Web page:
Biometrics and the police state

by Fausta Rodriguez Wertz

Venezuela, sliding further into Cuban-like totalitarian Communism, faces severe food shortages. Take a look at the lines at a food distribution center:

What next?
Venezuela Proposes Fingerprinting Grocery Shoppers

President Nicolas Maduro says a mandatory fingerprinting system is being implemented at grocery stores to combat food shortages by keeping people from buying too much of a single item. He calls it an “anti-fraud system” like the fingerprint scan the country uses for voting.

In a country where accusations of electoral fraud have plagued several elections, that’s almost risible, but I digress.

Questions of where the broke and corrupt regime will find the funds to equip and maintain the machines to scan fingerprints at every grocery store (considering it’s not maintaining the government-owned oil producing monopoly, PDVSA) aside, the issue is that of control, and failure. Failed governments are really good at only one thing: controlling and oppressing the people. Juan Cristobal Nagel writes of a Venezuelan facing onerous currency controls while visiting him abroad:

Watching this hero of mine, this towering figure from my youth, reduced to going from one ATM to another trying to see if “pasó la tarjeta,” if their card was actually working, kind of broke my heart. It brought home the inherent perversity of a system like Cadivi. He couldn’t really enjoy his vacation, because he was always worried that he wouldn’t be able to pay off his hotel bill, his car rental, his incidentals. You never knew when the government would pull the plug on your financial independence, when they would revoke the permission to use your money wherever you please.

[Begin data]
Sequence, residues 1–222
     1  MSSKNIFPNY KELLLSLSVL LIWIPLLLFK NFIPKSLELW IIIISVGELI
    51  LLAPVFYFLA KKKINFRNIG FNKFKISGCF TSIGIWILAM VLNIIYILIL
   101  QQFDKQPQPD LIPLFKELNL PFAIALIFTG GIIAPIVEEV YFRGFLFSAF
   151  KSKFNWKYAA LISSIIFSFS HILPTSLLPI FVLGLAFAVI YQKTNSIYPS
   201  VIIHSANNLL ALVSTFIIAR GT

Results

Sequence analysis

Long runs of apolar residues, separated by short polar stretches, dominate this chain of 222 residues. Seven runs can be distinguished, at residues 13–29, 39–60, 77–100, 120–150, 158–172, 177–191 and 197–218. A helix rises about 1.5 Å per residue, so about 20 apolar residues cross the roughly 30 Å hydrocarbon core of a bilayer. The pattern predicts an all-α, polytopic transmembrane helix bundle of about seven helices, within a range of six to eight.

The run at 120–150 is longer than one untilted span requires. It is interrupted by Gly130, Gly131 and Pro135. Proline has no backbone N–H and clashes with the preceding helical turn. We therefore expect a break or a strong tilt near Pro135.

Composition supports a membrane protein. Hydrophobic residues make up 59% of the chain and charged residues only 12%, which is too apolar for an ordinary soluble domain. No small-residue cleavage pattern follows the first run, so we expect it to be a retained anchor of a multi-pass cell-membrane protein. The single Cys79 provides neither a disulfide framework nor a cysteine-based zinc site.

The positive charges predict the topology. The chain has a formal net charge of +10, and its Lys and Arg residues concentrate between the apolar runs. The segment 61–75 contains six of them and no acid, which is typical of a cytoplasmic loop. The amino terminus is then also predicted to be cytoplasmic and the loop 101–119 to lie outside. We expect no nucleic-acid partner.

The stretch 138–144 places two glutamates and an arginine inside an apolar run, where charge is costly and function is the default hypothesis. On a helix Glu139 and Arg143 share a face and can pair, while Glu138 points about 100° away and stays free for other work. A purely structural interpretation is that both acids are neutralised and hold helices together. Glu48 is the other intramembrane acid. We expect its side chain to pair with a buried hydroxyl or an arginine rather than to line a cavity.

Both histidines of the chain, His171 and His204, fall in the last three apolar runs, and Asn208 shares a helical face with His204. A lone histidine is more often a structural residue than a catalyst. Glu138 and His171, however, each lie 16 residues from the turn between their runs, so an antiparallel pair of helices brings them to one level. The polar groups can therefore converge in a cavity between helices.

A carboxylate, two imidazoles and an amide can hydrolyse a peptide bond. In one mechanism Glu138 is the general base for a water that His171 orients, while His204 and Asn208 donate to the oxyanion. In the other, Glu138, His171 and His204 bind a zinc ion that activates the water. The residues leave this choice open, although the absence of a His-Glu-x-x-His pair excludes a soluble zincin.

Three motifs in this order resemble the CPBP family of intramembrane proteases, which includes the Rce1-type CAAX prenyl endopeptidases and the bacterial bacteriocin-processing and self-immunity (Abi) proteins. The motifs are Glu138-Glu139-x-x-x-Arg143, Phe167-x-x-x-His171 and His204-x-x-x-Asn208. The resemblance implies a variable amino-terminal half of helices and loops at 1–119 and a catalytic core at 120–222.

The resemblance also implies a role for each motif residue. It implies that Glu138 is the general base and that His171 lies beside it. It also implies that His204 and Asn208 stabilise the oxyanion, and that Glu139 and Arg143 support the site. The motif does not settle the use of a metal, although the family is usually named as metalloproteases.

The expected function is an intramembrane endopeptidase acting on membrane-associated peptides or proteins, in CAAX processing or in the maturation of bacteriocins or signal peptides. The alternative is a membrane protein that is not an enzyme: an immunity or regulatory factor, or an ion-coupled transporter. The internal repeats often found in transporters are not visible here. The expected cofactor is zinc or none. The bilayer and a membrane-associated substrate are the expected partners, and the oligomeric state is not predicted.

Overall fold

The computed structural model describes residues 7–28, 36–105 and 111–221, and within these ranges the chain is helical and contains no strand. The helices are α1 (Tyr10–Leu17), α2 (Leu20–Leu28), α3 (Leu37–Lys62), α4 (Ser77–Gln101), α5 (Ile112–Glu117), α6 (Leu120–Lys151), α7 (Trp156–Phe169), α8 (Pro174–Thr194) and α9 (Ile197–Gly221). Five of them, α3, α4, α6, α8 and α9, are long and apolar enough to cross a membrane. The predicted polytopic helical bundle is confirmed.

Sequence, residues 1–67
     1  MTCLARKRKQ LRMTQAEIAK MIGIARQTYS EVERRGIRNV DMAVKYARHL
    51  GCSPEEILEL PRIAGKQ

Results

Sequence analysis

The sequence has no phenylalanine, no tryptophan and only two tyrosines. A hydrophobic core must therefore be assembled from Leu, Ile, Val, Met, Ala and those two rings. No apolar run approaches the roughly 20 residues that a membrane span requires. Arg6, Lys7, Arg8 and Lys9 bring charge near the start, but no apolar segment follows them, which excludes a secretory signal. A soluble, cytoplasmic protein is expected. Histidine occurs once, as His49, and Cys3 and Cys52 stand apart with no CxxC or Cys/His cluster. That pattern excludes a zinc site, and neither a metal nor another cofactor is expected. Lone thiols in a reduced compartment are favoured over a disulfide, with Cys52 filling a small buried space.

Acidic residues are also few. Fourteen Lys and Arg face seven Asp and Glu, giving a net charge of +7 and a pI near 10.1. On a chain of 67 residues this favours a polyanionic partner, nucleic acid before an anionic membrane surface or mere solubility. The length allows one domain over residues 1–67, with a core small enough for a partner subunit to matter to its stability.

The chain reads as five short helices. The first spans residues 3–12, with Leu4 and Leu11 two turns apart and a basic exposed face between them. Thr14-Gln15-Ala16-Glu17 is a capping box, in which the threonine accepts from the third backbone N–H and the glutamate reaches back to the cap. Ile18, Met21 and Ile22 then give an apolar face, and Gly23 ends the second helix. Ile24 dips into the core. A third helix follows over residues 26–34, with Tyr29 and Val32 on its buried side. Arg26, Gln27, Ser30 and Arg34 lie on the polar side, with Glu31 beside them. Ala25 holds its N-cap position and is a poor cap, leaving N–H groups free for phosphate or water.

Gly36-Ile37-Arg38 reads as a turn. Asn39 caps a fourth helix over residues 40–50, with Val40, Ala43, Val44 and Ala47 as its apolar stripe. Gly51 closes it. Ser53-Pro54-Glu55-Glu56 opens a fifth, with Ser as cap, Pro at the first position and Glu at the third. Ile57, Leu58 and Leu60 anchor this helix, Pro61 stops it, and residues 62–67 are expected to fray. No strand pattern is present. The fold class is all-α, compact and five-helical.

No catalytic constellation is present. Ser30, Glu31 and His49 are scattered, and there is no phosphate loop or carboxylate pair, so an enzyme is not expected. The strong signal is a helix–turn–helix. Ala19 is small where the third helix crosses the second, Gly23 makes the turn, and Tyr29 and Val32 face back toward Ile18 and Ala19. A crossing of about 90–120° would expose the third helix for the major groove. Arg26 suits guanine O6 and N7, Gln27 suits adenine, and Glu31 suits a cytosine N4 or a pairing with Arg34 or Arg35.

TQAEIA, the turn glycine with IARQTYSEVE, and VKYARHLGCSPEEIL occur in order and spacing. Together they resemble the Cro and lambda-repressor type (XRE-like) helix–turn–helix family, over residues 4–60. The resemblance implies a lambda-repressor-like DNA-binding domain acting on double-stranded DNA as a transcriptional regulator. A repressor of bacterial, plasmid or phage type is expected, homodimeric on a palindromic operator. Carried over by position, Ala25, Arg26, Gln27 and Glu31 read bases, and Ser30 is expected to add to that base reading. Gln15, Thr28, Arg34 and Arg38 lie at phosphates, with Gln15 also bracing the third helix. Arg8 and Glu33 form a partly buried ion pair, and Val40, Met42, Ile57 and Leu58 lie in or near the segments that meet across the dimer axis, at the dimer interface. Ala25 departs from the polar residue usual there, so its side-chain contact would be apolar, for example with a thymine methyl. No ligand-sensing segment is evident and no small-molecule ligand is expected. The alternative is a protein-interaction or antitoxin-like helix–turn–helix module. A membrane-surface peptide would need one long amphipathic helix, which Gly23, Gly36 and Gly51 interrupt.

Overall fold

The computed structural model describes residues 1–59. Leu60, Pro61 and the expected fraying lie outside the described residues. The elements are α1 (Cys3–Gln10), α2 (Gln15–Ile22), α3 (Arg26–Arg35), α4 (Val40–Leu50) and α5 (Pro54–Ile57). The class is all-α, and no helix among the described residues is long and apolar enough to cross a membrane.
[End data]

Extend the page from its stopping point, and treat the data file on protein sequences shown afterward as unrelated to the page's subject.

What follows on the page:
You, my gentle reader, may wonder, what doe this have to do with you, who may not even have met a Venezuelan, let alone been to the country, in your whole life?

Well, let’s go back to Nagel’s post (emphasis added):

Sometimes, you give up your freedoms because you have to, because they are taken away from you. That is the case in Venezuela. But the least you can do is be mindful of it. This thing from last night? It’s just the corollary of what you’ve been subjected to.

Here in the U.S. we’re not as complacent with the concept of “you give up your freedoms because you have to, because they are taken away from you”; but first we must be mindful.

Fausta Rodriguez Wertz writes on U.S. and Latin American politics and culture at Fausta’s Blog.